With the establishment of the Ciskei homeland between 1961 and 1981, Bhisho – a close neighbor of King William’s Town – became the capital of the new “sovereign” Bantustan (part of a series of “homelands” created by the apartheid government as a way pacifying black and international criticism).  In 1992, nearly 80,000 people gathered in front of Bhisho to protest the authoritarian rule of Oupa Gqozo, the Ciskei military leader.  Ciskei Defense Forces opened fire on the crowd without warning, killing 29 people and injuring over 200.  The Bhisho Massacre ultimately led to new talks between Nelson Mandela and Frederik Willem de Klerk, then president of apartheid South Africa, which eventually resulted in a coalition government and transition to democracy.


The economy of King William’s Town was traditionally based on its proximity to local Xhosa tribes that exchanged wool, hides, skins, and other goods for manufactured and imported goods from European settlers.  The massive amount of trade that occurred between the two groups contributed significantly not only to the economic success of King, but also to the erosion of traditional culture among indigenous blacks.  Christianity, the influx of foreign goods, and urbanization made many Xhosa economically dependent on the whites – an effect later reproduced on a massive scale by the apartheid government to subjugate the African population of South Africa.

Trade in King William’s Town flourished in the latter half of the 19th century with the town becoming the main marketplace of nearby Port Elizabeth.  The large amount of industry and its fortuitous location allowed merchants in King to trade with both settlers and native tribesmen.   When Port Elizabeth outstripped it at the outset of the 20th century, King was reduced primarily to a military outpost.  It wasn’t until the region was declared the “autonomous” Ciskei homeland in 1981 that the town once again began to regain economic status with the influx of Ciskeian workers and a subsequent budding service economy.  Today, the economy of King William’s Town, though mostly based on cattle and sheep farming, also claims an industrial sector that produces textiles, soap, candles, candy, cartons, matches, and leather.


The Buffalo City Municipality – which includes King William’s Town, Bhisho, and East London – is home to people from a wide range of backgrounds.

Black African residents number at 563,776.

Coloured residents (from a diverse heritage of KhoiKhoi, South Asian, and other peoples) number at 38,391.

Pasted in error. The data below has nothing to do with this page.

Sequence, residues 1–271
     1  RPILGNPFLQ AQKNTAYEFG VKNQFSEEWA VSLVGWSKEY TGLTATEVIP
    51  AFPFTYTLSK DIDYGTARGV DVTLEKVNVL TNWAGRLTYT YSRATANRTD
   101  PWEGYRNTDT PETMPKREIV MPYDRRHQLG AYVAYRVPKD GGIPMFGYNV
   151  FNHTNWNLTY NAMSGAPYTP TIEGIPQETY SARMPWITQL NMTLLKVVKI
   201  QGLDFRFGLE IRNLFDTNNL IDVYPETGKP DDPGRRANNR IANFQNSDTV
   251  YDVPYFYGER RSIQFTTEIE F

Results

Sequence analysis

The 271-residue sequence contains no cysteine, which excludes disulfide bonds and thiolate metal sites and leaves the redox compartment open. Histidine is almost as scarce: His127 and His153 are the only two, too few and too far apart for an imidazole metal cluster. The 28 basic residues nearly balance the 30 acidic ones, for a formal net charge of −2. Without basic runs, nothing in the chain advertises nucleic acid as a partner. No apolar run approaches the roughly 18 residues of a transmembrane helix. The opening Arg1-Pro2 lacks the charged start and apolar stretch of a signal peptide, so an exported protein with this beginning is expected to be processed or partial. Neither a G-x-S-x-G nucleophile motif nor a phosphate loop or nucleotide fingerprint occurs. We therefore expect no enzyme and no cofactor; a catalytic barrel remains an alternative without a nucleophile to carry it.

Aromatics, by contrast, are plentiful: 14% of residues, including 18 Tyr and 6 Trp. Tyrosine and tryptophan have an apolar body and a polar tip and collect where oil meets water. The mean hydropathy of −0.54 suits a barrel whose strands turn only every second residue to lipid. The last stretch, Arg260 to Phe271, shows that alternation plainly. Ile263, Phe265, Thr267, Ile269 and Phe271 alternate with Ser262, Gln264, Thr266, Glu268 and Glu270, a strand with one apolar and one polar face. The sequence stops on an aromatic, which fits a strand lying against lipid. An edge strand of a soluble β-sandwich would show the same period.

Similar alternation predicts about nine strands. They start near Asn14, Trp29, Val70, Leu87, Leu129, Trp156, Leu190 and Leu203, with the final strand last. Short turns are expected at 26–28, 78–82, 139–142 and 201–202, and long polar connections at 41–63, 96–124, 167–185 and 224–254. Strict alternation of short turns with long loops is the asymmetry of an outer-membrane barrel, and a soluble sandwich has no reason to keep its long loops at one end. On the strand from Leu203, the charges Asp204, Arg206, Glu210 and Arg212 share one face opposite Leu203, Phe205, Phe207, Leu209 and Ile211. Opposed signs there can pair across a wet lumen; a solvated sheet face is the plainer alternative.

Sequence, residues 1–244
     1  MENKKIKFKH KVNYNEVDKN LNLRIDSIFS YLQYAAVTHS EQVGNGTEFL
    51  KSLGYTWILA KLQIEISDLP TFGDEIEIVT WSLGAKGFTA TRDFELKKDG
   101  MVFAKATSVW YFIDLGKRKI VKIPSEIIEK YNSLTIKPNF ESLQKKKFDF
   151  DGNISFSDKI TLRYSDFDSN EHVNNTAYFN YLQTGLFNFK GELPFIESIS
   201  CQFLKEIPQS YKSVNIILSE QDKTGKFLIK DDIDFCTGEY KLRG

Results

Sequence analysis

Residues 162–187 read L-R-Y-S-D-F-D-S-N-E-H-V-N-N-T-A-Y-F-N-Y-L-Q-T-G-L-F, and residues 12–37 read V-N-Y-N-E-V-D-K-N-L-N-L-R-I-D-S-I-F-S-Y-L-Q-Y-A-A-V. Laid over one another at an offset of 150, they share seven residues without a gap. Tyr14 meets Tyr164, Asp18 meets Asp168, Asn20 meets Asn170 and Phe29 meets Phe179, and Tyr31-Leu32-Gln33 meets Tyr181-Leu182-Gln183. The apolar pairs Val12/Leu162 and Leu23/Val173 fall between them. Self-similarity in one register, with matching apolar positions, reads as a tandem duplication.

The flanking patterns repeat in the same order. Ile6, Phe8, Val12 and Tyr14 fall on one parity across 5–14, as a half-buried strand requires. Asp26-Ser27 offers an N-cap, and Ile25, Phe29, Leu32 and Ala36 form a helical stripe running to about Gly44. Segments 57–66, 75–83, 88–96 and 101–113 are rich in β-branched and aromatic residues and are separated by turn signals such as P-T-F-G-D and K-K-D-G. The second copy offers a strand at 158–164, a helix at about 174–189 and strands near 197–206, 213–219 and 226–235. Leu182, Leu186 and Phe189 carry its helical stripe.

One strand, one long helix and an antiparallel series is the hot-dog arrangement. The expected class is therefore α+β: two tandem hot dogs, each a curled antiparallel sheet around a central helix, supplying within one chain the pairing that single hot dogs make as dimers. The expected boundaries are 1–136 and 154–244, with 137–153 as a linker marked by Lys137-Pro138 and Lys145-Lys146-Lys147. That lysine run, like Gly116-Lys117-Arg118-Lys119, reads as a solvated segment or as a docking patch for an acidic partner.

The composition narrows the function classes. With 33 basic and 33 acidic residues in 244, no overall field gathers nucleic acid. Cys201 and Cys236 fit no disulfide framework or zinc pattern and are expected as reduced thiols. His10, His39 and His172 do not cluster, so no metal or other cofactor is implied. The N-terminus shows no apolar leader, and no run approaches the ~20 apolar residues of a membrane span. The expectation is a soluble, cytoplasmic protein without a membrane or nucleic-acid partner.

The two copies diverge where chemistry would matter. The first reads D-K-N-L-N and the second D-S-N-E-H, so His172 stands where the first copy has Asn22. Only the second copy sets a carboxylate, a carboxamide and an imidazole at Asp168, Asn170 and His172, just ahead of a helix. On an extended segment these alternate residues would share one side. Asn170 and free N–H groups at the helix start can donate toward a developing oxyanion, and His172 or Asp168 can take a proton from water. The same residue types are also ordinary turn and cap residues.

Indian residents (whose ancestors came when the area was still a British colony) number at 4,692

White residents number at 70,520.

Most neighborhoods in and around King William’s Town are overwhelmingly or even completely populated by black Africans from a number of different tribal heritages.  Apartheid’s legacy of economic inequality along racial lines still continues today, although no longer at a legal level.  That said, initiatives like Black Economic Empowerment, or BEE, aim at correcting these inequalities by encouraging people from the previously disadvantaged groups to enter higher levels of the economy.  Comparable in many ways to affirmative action in the U.S., BEE has done much to diversify corporations and increase employment opportunities for the disadvantaged.  It has, however, come under criticism from a number of people for reinforcing socially-constructed racial distinctions and giving favor to Xhosa at the expense of other groups, like Coloureds, Indians, and non-Xhosa blacks who did not escape the oppression or dispossession of apartheid either.

duncan-village-township.jpgLegacies of apartheid can still be seen everywhere.  The townships created to house non-white laborers continue to be places of abject poverty and rampant crime.  Though much has been done to correct the ills of apartheid, centuries of racial oppression and systematic dispossession cannot be reversed in a few years.  Thus, in spite of the incredible leaps and strides made in South Africa, there is still much work to be done.

(Photos on this page Copyright © 2010, Ryan Koons)